Bone Spur Causes

Bone Spur Causes

There are a number of common spinal conditions that are related to the development of bone spurs, including osteoarthritis and spinal stenosis.

Osteoarthritis

Medical providers often refer to the changes as spinal arthritis or osteoarthritis of the facet joints, and this condition is a common cause of back pain in the older patient population (over 55 or 60).

Osteoarthritis can cause stiffness and lower back pain that is usually worse in the morning, gets better after moving around, and then gets worse again toward the end of the day.

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The most common root cause of cervical and lumbar osteoarthritis is a genetic predisposition. Patients may typically develop symptoms of osteoarthritis in their mid 40s to early 50s. Men are more likely to develop arthritic related symptoms earlier in life, however, postmenopausal women with stiffening spines (accelerated bone spur formation) rapidly approach men in incidence and severity of osteoarthritis.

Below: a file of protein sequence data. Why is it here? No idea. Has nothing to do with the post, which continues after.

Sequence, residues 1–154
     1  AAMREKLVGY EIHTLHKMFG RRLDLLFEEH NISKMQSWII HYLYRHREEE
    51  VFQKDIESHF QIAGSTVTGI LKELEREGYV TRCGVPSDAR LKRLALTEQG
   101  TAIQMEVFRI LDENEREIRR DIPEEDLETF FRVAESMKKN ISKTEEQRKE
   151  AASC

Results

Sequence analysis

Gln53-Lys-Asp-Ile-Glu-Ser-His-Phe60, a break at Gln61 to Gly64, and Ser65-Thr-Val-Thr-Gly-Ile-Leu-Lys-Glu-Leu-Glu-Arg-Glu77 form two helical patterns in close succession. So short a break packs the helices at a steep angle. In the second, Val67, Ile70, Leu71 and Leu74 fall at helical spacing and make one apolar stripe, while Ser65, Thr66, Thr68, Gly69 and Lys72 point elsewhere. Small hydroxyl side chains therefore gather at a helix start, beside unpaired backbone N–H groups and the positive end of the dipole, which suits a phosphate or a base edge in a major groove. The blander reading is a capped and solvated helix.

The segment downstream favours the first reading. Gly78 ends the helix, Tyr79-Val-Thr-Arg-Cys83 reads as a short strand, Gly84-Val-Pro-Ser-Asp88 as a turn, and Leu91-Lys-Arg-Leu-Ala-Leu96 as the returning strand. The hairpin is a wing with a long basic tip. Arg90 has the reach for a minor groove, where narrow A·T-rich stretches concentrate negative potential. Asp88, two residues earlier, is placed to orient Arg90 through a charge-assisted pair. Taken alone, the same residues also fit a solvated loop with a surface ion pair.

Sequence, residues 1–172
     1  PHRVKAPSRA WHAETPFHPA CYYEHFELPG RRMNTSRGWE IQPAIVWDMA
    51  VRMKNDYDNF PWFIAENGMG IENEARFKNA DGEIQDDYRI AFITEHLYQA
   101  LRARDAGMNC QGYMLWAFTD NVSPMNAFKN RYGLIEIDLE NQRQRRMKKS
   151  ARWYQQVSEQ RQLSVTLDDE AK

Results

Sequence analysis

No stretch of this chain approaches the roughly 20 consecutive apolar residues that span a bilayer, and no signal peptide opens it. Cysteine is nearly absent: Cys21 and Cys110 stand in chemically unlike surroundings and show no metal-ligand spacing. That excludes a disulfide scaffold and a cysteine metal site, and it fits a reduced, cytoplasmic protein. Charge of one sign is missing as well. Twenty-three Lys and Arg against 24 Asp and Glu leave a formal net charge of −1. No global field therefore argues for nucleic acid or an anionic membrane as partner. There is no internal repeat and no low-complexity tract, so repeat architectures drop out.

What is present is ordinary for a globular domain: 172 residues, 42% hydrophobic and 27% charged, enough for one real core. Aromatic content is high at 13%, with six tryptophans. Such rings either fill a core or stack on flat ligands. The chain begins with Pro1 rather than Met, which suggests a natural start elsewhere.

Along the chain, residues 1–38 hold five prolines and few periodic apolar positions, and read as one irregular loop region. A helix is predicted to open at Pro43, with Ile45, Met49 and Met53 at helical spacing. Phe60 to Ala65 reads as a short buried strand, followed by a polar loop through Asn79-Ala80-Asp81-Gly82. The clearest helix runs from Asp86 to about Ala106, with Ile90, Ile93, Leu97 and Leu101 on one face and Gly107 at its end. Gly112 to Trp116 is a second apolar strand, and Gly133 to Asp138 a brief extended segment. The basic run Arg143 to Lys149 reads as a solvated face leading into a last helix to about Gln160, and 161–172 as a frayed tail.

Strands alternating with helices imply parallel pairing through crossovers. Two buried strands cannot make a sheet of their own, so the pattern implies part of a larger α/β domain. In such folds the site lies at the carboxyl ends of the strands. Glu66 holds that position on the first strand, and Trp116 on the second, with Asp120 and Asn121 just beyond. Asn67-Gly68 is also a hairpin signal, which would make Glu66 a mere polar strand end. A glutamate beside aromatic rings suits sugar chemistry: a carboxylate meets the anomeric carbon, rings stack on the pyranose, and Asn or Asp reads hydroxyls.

Spinal Stenosis

Enlargement of the bone can sometimes lead to narrowing of the spinal canal and result in spinal stenosis.

This condition can cause nerve pinching, leading to pain down the legs that is worse when the patient stands and walks, and is better when sitting. Spinal stenosis cannot be prevented but it certainly can be cured.

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